.. the fear that flashes on their faces

People who live in a dictatorship will tell you the most with awkward silences, the fear that flashes on their faces, and the implausible exclamations of rote enthusiasm. It’s what they don’t say that counts. You have to consider the negative space, to trace the air that surrounds the form to get an idea of its shape, because nobody will dare to articulate the things itself. If you accumulate everything that is unmentionable, feared, stamped out, then you have an idea of just how much terror people have swallowed over the years. You begin to grade the repression on a spectrum. Egyptian politics have been languishing in a torture cell for decades, for example, but people on the street still gripe about the government and roll their eyes at the president.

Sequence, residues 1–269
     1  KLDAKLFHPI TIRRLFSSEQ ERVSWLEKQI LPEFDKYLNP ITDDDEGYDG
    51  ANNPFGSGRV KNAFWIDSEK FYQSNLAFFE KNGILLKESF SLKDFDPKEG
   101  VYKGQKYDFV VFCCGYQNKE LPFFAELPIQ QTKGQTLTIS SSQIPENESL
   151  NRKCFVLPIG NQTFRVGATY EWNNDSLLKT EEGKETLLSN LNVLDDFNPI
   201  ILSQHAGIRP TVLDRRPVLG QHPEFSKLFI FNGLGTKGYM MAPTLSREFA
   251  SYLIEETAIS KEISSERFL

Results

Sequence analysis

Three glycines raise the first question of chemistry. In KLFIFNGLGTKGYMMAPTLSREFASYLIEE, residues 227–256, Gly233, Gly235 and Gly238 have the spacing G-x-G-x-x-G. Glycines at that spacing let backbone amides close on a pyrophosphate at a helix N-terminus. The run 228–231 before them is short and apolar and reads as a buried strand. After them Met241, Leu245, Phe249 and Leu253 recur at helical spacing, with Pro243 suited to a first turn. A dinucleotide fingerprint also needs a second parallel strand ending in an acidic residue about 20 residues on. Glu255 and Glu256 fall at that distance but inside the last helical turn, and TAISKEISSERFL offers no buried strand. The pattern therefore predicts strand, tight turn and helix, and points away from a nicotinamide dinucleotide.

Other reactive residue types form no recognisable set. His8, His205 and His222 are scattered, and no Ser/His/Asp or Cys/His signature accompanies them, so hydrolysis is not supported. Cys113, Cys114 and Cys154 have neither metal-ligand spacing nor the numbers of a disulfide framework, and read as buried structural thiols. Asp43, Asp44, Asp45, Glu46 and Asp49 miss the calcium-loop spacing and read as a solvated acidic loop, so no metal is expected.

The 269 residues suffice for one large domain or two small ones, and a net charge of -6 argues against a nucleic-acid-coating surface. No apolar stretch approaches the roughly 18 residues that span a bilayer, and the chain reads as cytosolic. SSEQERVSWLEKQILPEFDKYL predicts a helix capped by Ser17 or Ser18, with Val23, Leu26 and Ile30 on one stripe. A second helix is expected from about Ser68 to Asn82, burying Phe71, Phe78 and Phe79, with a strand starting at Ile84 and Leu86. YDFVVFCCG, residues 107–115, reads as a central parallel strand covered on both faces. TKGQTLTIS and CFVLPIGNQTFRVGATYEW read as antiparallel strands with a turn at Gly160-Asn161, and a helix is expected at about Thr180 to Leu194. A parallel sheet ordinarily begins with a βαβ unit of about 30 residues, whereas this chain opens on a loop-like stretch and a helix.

Not in Libya. The people I met in Libya were locked in the basement of an asylum. Social interaction was all nervous smiles, evasive answers, and cups of tea. Nobody wanted to talk about the Leader.

– Megan K. Stack, Every Man in this Village is a Liar (2010)

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